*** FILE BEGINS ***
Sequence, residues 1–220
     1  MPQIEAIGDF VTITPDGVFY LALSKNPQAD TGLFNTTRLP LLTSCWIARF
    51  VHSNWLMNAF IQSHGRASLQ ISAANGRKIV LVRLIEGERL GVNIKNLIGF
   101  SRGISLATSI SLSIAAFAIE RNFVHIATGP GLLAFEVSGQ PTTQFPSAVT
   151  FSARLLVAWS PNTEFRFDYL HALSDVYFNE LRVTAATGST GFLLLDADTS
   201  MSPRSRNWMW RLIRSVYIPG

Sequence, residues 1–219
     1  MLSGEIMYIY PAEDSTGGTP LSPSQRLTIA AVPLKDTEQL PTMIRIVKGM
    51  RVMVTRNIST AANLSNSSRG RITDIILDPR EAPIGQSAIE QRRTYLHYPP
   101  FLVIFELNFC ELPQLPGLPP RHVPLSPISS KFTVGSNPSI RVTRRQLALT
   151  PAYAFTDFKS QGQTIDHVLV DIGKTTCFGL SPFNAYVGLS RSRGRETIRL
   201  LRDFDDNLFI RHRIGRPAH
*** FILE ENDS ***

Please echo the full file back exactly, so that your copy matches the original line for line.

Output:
Sequence, residues 1–220
     1  MPQIEAIGDF VTITPDGVFY LALSKNPQAD TGLFNTTRLP LLTSCWIARF
    51  VHSNWLMNAF IQSHGRASLQ ISAANGRKIV LVRLIEGERL GVNIKNLIGF
   101  SRGISLATSI SLSIAAFAIE RNFVHIATGP GLLAFEVSGQ PTTQFPSAVT
   151  FSARLLVAWS PNTEFRFDYL HALSDVYFNE LRVTAATGST GFLLLDADTS
   201  MSPRSRNWMW RLIRSVYIPG

Sequence, residues 1–219
     1  MLSGEIMYIY PAEDSTGGTP LSPSQRLTIA AVPLKDTEQL PTMIRIVKGM
    51  RVMVTRNIST AANLSNSSRG RITDIILDPR EAPIGQSAIE QRRTYLHYPP
   101  FLVIFELNFC ELPQLPGLPP RHVPLSPISS KFTVGSNPSI RVTRRQLALT
   151  PAYAFTDFKS QGQTIDHVLV DIGKTTCFGL SPFNAYVGLS RSRGRETIRL
   201  LRDFDDNLFI RHRIGRPAH